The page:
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COVID-19 pandemic changes how Duke Health responds to other infectious diseases



For Duke Health, the pandemic’s impacts have gone beyond the treatment of one disease. 

With one of the largest infectious disease departments in North Carolina, the Duke University Health System is where complex cases are often referred. The current pandemic has changed how the treatment of diseases other than COVID-19 is handled. 

Christopher Hostler, assistant professor of medicine and chief of the office of public health and epidemiology at the Durham Veteran’s Affairs Health Care System, believes that planning, rather than volume, was the greatest challenge in terms of facing other infectious disease treatments during COVID-19.  

Hostler emphasized the need for planning and being flexible at the same time.

“Einsenhower said planning is indispensable but plans are worthless,” Hostler said.  “We've had to adjust a lot of the modalities that we provide to basically shift towards personal visits to offload our outpatient for a long period of time. So, it's important to go through the process of planning, but also to be adaptable because there will be things that come up that you need to change how you respond on the fly.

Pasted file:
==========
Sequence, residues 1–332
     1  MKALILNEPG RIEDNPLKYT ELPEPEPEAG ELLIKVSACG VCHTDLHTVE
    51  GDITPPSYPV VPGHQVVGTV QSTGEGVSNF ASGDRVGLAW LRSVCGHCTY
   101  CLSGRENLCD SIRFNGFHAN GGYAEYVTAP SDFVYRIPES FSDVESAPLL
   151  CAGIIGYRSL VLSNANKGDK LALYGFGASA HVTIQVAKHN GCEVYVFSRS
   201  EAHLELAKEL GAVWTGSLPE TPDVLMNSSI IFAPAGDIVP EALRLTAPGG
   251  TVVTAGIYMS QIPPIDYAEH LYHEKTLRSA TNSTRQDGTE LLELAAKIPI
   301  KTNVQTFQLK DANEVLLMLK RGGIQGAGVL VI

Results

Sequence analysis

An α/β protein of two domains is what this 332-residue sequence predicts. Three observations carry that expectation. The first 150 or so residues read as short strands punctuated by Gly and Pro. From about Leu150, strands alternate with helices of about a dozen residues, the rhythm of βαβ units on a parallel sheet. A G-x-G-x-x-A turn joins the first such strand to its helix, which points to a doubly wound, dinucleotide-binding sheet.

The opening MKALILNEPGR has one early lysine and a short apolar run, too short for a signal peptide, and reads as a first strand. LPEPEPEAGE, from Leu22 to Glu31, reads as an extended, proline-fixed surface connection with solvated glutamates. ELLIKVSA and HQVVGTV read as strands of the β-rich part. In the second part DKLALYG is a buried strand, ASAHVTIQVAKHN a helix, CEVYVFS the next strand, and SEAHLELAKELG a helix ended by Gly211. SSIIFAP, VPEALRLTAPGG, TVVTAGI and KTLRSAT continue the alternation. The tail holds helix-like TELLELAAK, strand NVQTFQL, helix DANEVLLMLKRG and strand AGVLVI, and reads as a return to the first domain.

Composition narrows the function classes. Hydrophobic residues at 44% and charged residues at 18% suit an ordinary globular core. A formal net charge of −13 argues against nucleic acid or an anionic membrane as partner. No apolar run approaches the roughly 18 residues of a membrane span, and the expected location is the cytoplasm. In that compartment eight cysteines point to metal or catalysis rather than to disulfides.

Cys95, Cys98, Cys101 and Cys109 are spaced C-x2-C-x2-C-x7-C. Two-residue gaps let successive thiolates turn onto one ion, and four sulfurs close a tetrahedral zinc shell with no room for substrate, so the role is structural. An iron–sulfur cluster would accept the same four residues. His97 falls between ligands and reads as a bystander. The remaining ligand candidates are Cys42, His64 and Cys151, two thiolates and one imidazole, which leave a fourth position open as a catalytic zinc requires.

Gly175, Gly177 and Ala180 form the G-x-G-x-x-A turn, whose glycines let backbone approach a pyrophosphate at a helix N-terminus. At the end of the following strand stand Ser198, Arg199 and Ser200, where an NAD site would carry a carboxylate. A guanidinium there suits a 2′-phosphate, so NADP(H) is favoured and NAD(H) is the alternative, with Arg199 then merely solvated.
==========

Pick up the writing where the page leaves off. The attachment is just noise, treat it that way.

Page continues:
As several cases of COVID-19 have come through the hospital, there has been a dramatic decrease in other infectious diseases, especially respiratory infections such as influenza, wrote Joshua Parsons, an infectious disease fellow at the School of Medicine, in an email. Part of this, Parsons explained, could be attributed to mask-wearing and social distancing along with increased awareness of infectious diseases.  

Parsons also wrote that fewer patients with other infectious diseases are coming to the hospital in order to avoid contact with COVID-19.  

Parsons wrote that the toughest aspect of his fellowship experience has been staying up to date on information regarding COVID-19 given that it changes almost weekly. 

“My previous training (MD/PhD) has allowed me to have a better understanding of the basic science behind the successful development of these novel vaccines and allowed me to critically review the rapidly emerging SARS-CoV-2 clinical data”, Parsons wrote. “It is our job as [infectious disease] physicians to stay up to date on this literature, which is not always black and white.”

Associate Professor of MedicineThomas Holland emphasized that his role in the inpatient care of infectious disease treatment during the pandemic has exposed him to the resiliency needed to put together clinical trials and protocols very quickly.  


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